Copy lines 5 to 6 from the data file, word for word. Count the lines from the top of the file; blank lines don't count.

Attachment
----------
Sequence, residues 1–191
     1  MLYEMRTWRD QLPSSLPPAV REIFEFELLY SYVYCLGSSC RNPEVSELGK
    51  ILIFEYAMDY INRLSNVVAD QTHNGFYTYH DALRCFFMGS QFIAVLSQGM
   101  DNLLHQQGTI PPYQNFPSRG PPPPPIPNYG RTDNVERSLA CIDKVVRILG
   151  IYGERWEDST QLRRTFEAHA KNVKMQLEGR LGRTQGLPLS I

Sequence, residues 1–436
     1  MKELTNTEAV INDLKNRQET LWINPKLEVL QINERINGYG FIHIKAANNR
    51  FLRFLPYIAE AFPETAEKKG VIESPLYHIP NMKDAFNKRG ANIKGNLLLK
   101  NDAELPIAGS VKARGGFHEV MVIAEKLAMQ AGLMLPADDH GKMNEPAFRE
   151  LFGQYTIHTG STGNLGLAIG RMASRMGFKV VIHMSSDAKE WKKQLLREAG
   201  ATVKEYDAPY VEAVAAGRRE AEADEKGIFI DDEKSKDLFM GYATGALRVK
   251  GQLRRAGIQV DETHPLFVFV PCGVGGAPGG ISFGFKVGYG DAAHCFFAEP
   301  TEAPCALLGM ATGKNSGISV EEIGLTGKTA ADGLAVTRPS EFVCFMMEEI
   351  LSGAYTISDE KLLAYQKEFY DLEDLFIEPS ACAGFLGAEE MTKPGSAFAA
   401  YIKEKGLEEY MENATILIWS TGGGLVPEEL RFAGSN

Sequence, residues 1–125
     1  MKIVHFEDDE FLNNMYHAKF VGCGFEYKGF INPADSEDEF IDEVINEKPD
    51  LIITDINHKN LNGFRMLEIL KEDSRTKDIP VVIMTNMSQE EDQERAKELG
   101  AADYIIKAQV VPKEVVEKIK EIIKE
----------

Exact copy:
   151  IYGERWEDST QLRRTFEAHA KNVKMQLEGR LGRTQGLPLS I

Sequence, residues 1–436